Aortobifemoral Bypass

What is aortobifemoral bypass?

Aortobifemoral Bypass

The aorta is a large artery that carries oxygen-rich blood from the heart to the various parts of the body. It divides into two iliac arteries at the region of the navel. These extend below the groin region to form the femoral arteries. Blood flows through the aorta, iliac arteries and the femoral arteries to supply oxygen to the lower parts of the body. In some cases, plaque or sticky substances such as cholesterol and calcium can build up on the inner wall of these arteries (atherosclerosis). Plaque deposition obstructs the flow of blood and decreases the oxygen supply to the tissues. This leads to a condition called peripheral artery disease (PAD). The condition can be treated surgically by a procedure called aortobifemoral bypass to restore the blood flow to your legs.

What are the indications for aortobifemoral bypass?

Aortobifemoral bypass is performed for atherosclerosis of the abdominal aorta or iliac arteries, and is indicated in cases of severe pain while walking (intermittent claudication), infected sores or ulcers on the extremities, gangrene, nerve damage, and need for amputation. Aortobifemoral bypass is recommended if you have multiple regions of blockage or a continuous, long obstruction in these arteries.

How do you prepare for aortobifemoral bypass?

Before the surgery, your doctor will conduct a physical examination, and order a blood test and imaging tests to determine the location and severity of the PAD. You may be advised to undergo angiography (contrast dye is injected through a thin tube and X-rays are taken) to identify blockages in your arteries. A CT angiogram may be used to provide a picture of the disease as well.

What can you expect during aortobifemoral bypass?

Aortobifemoral bypass is performed under general anesthesia. Sometimes, epidural anesthesia is also provided. During the surgery, your surgeon makes an incision in your abdomen and smaller incisions in both groins. The affected blood vessels are exposed and the blood flow is temporarily stopped by placing clamps. The graft, an artificial tube made into a “Y” configuration is generally used. The single end of the graft is sutured to the aorta above the blockage and the two split ends of the “Y” are sutured to the femoral arteries, beyond the blockage. The clamps are removed and the incision closed with sutures. The blood can now flow freely through the bypass, around the blocked region. The entire procedure can take 2-4 hours to complete. Its success is due to the experience of the surgeon. This case is one of those in surgery that greatly depends on the experience of the surgeon for success.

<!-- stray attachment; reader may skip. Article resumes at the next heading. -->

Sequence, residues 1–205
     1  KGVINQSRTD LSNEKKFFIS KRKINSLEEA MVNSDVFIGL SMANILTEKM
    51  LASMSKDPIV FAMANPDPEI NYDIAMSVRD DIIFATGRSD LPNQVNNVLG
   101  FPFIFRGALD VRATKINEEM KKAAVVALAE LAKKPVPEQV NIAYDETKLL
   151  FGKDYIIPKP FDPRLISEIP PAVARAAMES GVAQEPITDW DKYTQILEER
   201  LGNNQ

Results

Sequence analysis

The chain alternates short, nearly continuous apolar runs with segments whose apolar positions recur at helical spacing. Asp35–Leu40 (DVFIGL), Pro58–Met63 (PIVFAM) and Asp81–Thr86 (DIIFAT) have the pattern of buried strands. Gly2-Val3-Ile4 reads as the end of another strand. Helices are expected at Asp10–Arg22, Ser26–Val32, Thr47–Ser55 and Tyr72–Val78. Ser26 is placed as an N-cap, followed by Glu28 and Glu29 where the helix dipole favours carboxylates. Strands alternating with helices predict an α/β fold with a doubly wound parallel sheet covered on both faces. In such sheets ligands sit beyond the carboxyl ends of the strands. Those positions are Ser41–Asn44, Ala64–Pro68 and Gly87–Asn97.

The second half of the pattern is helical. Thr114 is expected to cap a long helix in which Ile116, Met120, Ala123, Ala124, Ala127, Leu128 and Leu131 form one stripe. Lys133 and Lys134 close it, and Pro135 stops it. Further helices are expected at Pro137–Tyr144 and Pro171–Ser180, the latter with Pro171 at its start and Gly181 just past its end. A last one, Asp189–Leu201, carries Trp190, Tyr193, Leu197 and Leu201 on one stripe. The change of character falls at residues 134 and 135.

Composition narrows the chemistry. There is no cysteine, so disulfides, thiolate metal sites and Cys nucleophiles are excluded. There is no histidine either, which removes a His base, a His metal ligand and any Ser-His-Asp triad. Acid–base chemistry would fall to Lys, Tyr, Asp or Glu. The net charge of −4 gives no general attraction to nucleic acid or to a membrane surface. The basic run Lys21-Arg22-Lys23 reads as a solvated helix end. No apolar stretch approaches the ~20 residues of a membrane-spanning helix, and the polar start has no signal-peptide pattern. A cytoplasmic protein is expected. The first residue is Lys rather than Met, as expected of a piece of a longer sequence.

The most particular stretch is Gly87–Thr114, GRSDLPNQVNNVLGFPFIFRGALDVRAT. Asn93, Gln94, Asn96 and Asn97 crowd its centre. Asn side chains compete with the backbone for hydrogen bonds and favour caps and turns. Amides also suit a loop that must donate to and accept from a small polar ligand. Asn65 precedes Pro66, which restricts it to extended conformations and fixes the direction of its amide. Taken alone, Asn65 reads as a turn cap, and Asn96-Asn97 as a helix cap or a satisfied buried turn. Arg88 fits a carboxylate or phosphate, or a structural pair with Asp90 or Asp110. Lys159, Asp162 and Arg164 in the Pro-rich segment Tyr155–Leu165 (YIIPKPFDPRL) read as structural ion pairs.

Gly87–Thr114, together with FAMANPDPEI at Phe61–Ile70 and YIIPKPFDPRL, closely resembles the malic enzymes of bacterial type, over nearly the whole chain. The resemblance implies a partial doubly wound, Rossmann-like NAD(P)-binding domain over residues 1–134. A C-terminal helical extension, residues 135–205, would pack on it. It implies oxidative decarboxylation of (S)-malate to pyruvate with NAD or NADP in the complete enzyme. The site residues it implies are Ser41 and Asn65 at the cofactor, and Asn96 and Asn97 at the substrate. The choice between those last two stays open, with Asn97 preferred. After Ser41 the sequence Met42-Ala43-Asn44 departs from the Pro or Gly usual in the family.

What do I expect after aortobifemoral bypass?

Common post-operative guidelines following aortobifemoral bypass include the following:

  • You will be monitored in the recovery room for any adverse reactions after surgery
  • Your doctor may continue with epidural anesthesia for a few days
  • You may have to stay for 1-2 weeks in the hospital till you recover completely
  • The first post-op night is generally spent in the ICU
  • Most people’s bowels go to sleep after this procedure (ileus) for 1-30 days
  • Call your doctor if you experience shortness of breath, chest pain, vomiting, cough, bleeding at the incision site, infection or swelling of legs

Are there any complications of aortobifemoral bypass?

Like all surgeries, aortobifemoral bypass procedure may be associated with certain risks such as, but not limited to:

  • Infection
  • Stroke
  • Heart attack
  • Sexual dysfunction as a result of pelvic nerve damage
  • Paralysis due to interruption of the blood supply to the spinal cord
  • Damage to any organ in or around the abdomen
  • Death

However, aortobifemoral bypass is considered a successful procedure to keep the artery open and alleviate symptoms and can last indefinitely.

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